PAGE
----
A. It’s okay to have fun too.
4. After your apprenticeship, will you run a program similar to that of Boon’s Intensives or Michael Hagedorn’s Seasonals?
A. I’ve thought about doing something similar but not 100 percent sure yet. These types of programs seem to produce the best results in getting good Bonsai technique to highly enthused people. Personally attending Boon’s Intensives is the main reason why my transition to apprenticeship in Japan was so smooth.
5. Being a graduate of a program like this, what advice can you give on how to get the most out of these programs?
A. Keep an open mind to allow new information in. You are there to learn. Also practicing what you learn really does help!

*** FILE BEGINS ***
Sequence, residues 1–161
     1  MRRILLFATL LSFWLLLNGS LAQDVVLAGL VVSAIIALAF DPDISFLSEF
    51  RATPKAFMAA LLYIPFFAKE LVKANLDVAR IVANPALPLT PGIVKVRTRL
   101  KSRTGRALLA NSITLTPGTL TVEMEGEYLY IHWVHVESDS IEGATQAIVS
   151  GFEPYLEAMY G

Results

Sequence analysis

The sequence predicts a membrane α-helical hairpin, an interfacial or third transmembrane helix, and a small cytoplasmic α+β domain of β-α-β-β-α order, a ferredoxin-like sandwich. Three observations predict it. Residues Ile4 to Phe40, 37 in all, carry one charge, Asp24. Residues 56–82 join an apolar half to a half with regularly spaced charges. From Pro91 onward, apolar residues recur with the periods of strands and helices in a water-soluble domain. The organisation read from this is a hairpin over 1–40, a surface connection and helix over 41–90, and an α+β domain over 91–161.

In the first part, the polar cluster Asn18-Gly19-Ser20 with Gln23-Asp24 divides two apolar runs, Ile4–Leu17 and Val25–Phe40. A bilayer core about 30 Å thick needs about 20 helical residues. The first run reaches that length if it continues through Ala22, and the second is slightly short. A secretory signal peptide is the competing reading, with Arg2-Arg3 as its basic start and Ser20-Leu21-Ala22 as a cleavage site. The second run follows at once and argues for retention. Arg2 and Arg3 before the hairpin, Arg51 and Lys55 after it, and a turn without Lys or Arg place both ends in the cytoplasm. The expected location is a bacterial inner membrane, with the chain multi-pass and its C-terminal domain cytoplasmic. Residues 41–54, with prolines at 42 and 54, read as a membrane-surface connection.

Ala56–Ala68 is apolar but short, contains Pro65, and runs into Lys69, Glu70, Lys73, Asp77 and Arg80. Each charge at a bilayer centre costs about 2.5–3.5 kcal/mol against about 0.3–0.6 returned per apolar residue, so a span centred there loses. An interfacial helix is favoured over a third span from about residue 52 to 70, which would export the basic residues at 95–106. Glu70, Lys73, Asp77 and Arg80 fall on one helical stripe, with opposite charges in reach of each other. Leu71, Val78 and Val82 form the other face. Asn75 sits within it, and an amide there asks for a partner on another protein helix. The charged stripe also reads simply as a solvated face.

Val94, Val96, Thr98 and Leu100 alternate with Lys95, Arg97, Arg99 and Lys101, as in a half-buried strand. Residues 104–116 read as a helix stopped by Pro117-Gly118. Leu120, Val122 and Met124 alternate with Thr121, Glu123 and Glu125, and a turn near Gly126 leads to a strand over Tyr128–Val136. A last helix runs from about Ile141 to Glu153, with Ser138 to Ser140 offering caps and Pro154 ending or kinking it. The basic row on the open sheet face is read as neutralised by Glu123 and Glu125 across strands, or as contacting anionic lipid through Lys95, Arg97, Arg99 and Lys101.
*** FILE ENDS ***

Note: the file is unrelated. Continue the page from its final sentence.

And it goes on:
6. What are some of your short term Bonsai related goals?
A. Finish my apprenticeship, build a nursery and continue to work with good people.
7. What are some of your long term Bonsai related goals?
A. Continue the spread of Bonsai and having my students grow and develop Bonsai better than I ever could.
8. If Akadama ran out in the US. What mixes would you start experimenting with?
A. Akadama is an interesting soil because it evolves with the root system. At first, it holds only so much water, then as the tree grows more roots and the akadama starts to break down, it holds even more water for all the new roots. I’m not sure what other types of material I can find that will do similar things other then firing some clay myself. If I couldn’t come up with a substitute, I would probably use porous type stones in the mix only such as lava, pumice, etc.
9. What brand of tools do you use at Aichien and how do you like them?
A. We use a wide variety of tools at the nursery and it’s only a matter of what works well for us. I use scissors, pliers and wire cutters from Masakuni, and many of the rest of tools are from Kaneshin.
10. What do you think of the Portland Cup Bonsai Show which is starting in October 2013?